It’s Called May Day, Not Loyalty Day: The Continued Subversion Of A Day For Worker Solidarity

Donald Trump on Friday released a written statement in anticipation of “Loyalty Day,” to be observed on May 1, 2017, a date which many people all over the world recognize as May Day, a day to celebrate the working class, commemorate the historical fight for labor rights, and raise awareness of the current struggle of the working class. Trump is not the first President to subvert May Day in favor of a more “patriotic” re-branding. According to official Government Publishing Office documents, Loyalty Day was established in 1955 via a joint resolution of the U.S. House of Representatives.

“Resolved by the Senate and House of Representatives of the United States of America in Congress assembled, That the 1st day of May 1955 is hereby designated as Loyalty Day and is set aside as a special day for the reaffirmation of loyalty to the United States of America and for the recognition of the heritage of American freedom,” the document says. “The President of the United States is authorized and requested to issue a proclamation calling upon officials of the Government to display the flag of the United States on all Government buildings on such day and inviting the people of the United States to observe such day, in schools and other suitable places, with appropriate ceremonies.”

Donald Trump’s Loyalty Day proclamation stays true to this request, according to RT.

“The United States stands as the world’s leader in upholding the ideals of freedom, equality, and justice,” Trump’s proclamation reads. “Together, and with these fundamental concepts enshrined in our Constitution, our nation perseveres in the face of those who would seek to harm it.”

It is no coincidence that the United States government chose to replace May Day with Loyalty Day. In examining the origin and purpose of May Day, the underlying motives for the subversion of a day set aside for worker solidarity in favor of a day set aside for “loyalty” to the United States become extremely clear.

According to the History Channel, the first day of May is commonly referred to as May Day in commemoration of the 1886 Chicago Haymarket riots. The Haymarket riots were labor rights rallies that became violent due to police provocation in support of the business owners. A homemade bomb was thrown into the crowd at one point and several people died. Despite not being able to determine who threw the bomb, eight labor leaders were charged for murder, some of whom were not even at the riots, and none of whom could be linked to the bombing. A complete lack of evidence linking the accused to the crime did not hurt the prosecution and media propaganda painted a grim picture of the accused, casting them as “long-haired, wild-eyed, bad smelling, atheistic, reckless foreign wretches.” Seven of the eight were sentenced to death and one was sentenced to fifteen years hard labor.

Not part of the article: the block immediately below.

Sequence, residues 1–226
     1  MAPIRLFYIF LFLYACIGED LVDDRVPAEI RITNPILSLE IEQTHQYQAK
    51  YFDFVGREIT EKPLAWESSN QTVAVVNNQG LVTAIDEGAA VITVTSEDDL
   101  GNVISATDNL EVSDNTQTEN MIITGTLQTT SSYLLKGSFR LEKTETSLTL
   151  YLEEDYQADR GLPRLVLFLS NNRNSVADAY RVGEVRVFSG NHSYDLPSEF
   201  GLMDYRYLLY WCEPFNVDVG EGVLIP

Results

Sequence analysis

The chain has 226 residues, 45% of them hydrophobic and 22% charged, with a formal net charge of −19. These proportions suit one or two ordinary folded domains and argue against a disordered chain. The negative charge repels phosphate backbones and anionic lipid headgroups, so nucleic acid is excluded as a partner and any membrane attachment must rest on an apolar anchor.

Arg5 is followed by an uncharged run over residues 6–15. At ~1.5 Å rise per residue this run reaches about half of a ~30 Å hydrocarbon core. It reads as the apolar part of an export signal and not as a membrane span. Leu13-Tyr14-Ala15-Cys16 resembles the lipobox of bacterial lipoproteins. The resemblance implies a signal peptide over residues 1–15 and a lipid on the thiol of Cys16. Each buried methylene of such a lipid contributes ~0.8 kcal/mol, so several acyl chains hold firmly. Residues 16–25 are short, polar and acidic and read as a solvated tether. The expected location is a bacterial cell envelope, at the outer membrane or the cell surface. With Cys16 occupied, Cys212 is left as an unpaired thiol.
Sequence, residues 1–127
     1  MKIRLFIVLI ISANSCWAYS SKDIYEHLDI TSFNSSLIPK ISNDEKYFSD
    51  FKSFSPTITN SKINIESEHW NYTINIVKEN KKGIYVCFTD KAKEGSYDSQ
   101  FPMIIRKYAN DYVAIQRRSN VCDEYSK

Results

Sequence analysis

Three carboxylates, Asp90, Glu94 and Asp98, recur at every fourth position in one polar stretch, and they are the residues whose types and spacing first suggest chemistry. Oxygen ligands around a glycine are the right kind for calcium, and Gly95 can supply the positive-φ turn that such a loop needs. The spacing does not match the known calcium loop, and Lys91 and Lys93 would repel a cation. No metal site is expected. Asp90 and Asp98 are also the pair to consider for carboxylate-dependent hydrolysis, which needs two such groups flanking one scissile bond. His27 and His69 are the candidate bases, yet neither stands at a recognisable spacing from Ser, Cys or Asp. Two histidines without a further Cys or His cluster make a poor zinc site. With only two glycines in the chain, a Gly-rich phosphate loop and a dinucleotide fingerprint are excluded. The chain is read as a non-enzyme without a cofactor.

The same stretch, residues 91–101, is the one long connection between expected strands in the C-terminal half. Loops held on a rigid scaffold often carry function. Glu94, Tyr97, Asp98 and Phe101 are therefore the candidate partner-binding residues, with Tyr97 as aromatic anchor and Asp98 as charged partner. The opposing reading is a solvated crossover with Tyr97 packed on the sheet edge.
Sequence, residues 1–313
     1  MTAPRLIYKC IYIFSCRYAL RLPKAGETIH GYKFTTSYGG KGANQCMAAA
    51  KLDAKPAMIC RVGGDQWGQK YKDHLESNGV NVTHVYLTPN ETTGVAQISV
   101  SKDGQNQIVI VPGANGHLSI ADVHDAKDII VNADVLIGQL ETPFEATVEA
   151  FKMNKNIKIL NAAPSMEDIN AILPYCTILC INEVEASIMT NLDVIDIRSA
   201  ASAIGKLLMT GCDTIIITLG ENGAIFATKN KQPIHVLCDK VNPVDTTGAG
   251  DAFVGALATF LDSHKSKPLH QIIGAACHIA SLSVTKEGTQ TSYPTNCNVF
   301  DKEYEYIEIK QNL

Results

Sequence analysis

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According to the National Coalition Against Censorship, an international organization of labor and socialist parties met in Paris in July, 1889, calling themselves the Second International. The Second International decided to recognize the first day of May each year as a day to commemorate the anniversary of the Haymarket protests and to recognize the great strides made by labor rights organizers in the ensuing years.

The idea caught on, but in the United States official moves were made to prevent the recognition of May Day. In 1894, following another protest in Chicago, the Pullman strike, President Grover Cleveland declared the first Monday in September as Labor Day, according to Huffington Post. The move was designed because the government feared commemoration of the Haymarket protests would draw people to communism, anarchism, or other radical ideas tied to labor movements worldwide. By 1921, the first red scare was in full swing in the United States and authorities began re-branding the first day of May as Americanization Day, a day to celebrate patriotic loyalty to the United States. By the 1950’s, Americanization Day gave way to Loyalty Day, which was officially recognized in 1955 and made an official holiday in 1958. Subversion completed.

Every United States President since the 1950s has followed in proclaiming the first of May as Loyalty Day, despite murmurs of protests from labor activists and others who recognize the day as May Day rather than its jingoist replacement. Growing discontent with the political system and recognition of the way it works in favor of the wealthy corporations and against the working class is raising the decibel level of those who choose to celebrate May Day rather than Loyalty Day in the United States. According to Patch, major May Day protests are planned in Seattle and other cities across the country. It’s safe to say that Loyalty Day may not succeed in drowning out May Day in 2017.

[Featured Image by Scott Olson/Getty Images]